Chicago Lightning is a romantic suspense novel that begins with the St. Valentine’s Day Massacre in Chicago on February 14, 1929 and ends around midnight two days later in Five Points, New York City.
Like the radio, the telephone was a new technology in the 1920s that was slow to catch on, but once it did, it was Katie bar the door!
In Chicago Lightning, Ceara and Hagen are under pressure to make a phone call, but they come up against barriers that we no longer deal with in our telephone-using lives.
100-plus years ago, pay phones weren’t common; party lines were evolving; all calls went through operators/switchboards; and your call wasn’t private.
The dreaded party line.
I remember dealing with both a four-party line and an eight-party line, when I was growing up.
A party line was a “local loop” telephone circuit shared by the households on that particular loop. In the early days, the calls all went through a switchboard. As telephone service evolved and improved, you were able to make your own local calls without operator assistance, but long-distance still required an operator.
I lived in the country and party lines were better than no phone, but did we ever feel like we’d moved ‘up town’ when we were upgraded from the eight- to four-party system.
In the early eight-party line system, each household had a unique identifying ring. All rings were heard in every household on that party line loop. You were only supposed to answer your assigned ring, but you could always hear when some Nosy Rosy picked up or hung up, while you were talking.
You couldn’t make a call when someone on the party loop was using the phone, and that was the typical source of not-so-neighborly feuds when someone monopolized the phone.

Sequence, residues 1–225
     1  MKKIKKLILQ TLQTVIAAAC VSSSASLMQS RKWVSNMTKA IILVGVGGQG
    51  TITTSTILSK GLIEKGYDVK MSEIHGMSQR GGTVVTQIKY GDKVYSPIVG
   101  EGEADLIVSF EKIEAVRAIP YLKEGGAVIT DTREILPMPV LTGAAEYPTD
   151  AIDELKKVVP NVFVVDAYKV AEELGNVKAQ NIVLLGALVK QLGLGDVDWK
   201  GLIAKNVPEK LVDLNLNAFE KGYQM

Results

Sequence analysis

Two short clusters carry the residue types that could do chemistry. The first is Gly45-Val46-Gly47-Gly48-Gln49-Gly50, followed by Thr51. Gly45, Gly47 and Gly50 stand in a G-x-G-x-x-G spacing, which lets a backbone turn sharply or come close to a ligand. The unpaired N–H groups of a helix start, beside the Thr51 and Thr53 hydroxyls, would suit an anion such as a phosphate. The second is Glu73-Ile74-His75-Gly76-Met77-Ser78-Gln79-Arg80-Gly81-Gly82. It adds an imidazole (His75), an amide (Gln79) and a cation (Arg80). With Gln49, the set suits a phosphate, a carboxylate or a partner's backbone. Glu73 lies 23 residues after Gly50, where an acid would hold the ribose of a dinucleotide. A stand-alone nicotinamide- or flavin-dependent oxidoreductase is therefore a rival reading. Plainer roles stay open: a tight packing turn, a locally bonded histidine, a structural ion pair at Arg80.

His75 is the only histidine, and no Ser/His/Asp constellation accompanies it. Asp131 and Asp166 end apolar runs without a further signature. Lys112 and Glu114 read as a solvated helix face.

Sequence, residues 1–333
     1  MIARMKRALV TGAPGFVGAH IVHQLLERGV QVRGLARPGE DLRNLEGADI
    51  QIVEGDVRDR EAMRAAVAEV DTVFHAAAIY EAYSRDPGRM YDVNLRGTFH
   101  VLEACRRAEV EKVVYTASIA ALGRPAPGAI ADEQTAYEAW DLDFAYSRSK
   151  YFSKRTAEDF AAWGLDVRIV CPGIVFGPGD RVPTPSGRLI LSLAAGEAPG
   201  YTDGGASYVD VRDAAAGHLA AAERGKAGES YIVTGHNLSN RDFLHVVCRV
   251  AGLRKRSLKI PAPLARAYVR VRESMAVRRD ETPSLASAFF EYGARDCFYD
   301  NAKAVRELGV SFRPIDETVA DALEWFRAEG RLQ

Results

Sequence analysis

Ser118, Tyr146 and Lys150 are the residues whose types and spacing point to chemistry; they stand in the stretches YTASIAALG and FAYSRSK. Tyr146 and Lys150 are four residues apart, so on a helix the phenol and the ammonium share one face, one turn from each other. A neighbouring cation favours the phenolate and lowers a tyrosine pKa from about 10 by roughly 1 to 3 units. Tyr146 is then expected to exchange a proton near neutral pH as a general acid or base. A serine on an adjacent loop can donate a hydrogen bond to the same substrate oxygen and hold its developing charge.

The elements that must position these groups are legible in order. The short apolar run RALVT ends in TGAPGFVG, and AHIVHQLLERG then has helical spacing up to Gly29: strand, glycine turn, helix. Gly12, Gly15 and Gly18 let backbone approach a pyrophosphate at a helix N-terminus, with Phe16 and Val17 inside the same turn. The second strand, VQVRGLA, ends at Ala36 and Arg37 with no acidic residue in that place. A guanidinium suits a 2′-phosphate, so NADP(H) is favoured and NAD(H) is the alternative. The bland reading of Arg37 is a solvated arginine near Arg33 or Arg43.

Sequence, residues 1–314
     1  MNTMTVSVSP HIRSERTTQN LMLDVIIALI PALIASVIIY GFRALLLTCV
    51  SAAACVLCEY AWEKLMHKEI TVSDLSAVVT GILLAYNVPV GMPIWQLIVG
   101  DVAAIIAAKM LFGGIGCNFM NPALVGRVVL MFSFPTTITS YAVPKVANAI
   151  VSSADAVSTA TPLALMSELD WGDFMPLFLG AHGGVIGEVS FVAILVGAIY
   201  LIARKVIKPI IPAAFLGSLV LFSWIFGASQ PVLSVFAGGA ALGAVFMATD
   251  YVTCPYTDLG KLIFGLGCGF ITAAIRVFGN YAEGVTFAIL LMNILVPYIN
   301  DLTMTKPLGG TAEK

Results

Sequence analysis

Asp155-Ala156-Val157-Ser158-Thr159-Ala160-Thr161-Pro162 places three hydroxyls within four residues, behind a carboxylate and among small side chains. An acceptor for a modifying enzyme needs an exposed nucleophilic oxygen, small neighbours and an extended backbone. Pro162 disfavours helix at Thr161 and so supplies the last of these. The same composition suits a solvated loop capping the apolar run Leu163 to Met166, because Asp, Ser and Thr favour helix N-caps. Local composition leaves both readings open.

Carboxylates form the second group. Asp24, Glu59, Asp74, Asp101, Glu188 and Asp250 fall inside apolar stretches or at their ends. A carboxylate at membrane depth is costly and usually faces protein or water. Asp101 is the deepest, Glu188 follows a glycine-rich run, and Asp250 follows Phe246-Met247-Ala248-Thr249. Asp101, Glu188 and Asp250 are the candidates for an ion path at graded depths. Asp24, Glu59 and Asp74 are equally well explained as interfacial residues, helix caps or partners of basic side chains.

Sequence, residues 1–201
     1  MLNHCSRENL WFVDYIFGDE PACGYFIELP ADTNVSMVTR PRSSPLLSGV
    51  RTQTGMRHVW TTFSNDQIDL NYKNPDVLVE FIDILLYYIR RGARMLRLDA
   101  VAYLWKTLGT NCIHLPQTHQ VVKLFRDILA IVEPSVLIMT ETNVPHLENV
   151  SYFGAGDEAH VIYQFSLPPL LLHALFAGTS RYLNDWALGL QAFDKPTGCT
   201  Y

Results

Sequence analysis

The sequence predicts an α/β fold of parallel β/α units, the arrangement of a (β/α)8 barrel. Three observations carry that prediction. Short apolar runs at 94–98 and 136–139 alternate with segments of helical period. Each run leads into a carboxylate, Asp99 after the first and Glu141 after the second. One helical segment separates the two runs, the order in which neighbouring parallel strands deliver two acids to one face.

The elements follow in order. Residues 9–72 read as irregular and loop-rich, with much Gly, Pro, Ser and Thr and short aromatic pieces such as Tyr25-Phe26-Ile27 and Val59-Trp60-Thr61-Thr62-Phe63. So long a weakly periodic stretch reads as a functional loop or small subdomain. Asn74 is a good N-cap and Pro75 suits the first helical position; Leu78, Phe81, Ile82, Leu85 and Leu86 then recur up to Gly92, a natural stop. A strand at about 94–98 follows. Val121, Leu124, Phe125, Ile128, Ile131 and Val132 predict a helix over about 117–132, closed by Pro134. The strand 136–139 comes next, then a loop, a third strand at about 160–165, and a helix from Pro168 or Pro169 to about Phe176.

Once the eight-party dropped to four-party, each household only heard their own phone ring.
Party lines still exist, mostly in rural areas where it isn’t economically feasible to put in private lines in a sparsely populated area.
Examples of phones
A bit of phone trivia via Wikipedia:
- Emma Nut was the first female telephone operator (9/1/1878) for the Boston Telephone Dispatch.
- Harriot Daley was the first telephone switchboard operator at the U.S. Capitol in 1898.
- An American bilingual female switchboard group called the Women of the Signal Corps Female Telephone Operators Unit served during WWI. They were nicknamed the ‘Hello Girls”.
This website, Vintage Everyday, has a wonderful collection of images of telephone switchboards and operators.
Here is an audio clip from the vintage program “Dragnet”. You hear Sgt. Joe Friday making a long distance call via an operator.
Just for laughs and a trip down television memory lane, here is Lily Tomlin on Rowan and Martin’s variety show, Laugh-In, in her recurring role as Ernestine, the obnoxious telephone operator. Note the switchboard.
Until next time,
Look for Kaye here—
Day 1 – Jan. 25th – Chicago Lightning – book video
Day 2 – Jan. 26th – Micro Excerpt #1
Day 3 – Jan. 27th – Notable Events of the 1920s – 1920 through 1924
Day 4 – Jan. 28th – Notable Events of the 1920s – 1925 through 1929
Day 5 – Jan. 29th – Chapter 1 Micro Excerpt
Day 6 – Jan. 30th – Slang – 1920s era
Day 7 – Jan. 31st – Pre-order
Day 8 – Feb. 1st – 1920s Kitchen
Day 9 – Feb. 2nd – ‘Roaring 20s’
Day 10 – Feb. 3rd – Chapter 2 – Micro Excerpt #2
Day 11 – Feb. 4th – 4 Roaring Twenties Movies
Day 12 – Feb. 5th – 1928 Phantom 1 Rolls-Royce
Day 13 – Feb. 6th – Speakeasy
Day 14 – Feb. 7th – Chapter 2 – Micro Excerpt #3
Day 15 – Feb. 8th – Pre-FBI – brief history
Day 16 – Feb. 9th – 1920s radio
Day 17 – Feb. 10th – Release Day, Micro Excerpt #4, and bullet resistant clothing
Day 18 – Feb. 11th – “The Hedge”
Day 19 – Feb. 12th – What did it cost? 1925-1929
Day 20 – Feb. 13th – Hello? Who’s calling?
Day 21 – Feb. 14th – 1920s reference books and book video